An advancement created by scientists in China makes it more difficult to spot aircraft with radar, according to a report by Defense One.
Huazhong University of Science and Technology researchers said the feat can be accomplished by coating the military equipment with a stealth material that trumps advanced radar functioning at ultrahigh frequencies.
Modern synthetic aperture radar are able to gain an approximate understanding of an object’s size (and in turn gain a better understanding of what it might be) by using antennas that point microwave energy through natural cloaks like clouds and fog. The new material, according to the scientists, would be able to absorb some of the energy so that the entire signal wouldn’t make it back to the radar receiver. Provided that some of that signal is missing, an aircraft could look more like a high-flying bird.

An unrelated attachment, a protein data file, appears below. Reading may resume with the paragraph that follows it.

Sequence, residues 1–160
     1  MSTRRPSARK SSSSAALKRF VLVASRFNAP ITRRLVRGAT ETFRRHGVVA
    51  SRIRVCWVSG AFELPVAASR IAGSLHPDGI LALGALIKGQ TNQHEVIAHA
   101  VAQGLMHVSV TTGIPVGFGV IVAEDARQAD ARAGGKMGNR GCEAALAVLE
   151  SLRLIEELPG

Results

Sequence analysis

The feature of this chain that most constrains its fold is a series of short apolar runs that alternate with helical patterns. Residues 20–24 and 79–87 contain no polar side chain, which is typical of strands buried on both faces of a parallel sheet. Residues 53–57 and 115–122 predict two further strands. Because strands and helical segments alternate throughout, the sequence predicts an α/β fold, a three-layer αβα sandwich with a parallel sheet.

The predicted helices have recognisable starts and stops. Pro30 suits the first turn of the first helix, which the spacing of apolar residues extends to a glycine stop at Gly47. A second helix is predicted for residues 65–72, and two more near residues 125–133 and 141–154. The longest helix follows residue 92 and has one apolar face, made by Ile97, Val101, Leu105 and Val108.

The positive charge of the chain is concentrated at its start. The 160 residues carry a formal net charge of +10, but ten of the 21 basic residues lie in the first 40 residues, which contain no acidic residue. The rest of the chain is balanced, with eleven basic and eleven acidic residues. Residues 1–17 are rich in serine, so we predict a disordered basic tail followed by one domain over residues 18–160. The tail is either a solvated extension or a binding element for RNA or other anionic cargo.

Other cloaking materials have been developed before, but those creations are too thick to apply to an aircraft. One of the scientists, Wenhua Xu, claims that the material the group created is nearly 10 times thinner than traditional absorbers, according to Defense One.
The material was shared by the group in a paper published in the Journal of Applied Physics, ensuring that no one military force or other group will be able to hold the creation over their foes.
In the report, the scientists said the material features semi-conducing diodes and capacitors bonded to a circuit board. That layer of material is placed under a .04 mm thick layer of copper resistors, that the scientists call an “active frequency selective surface material,” or AFSS for short.
To read the report, “An ultra-thin broadband active frequency selective surface absorber for ultrahigh-frequency applications,” click here.
Filed Under: Aerospace + defense, Capacitors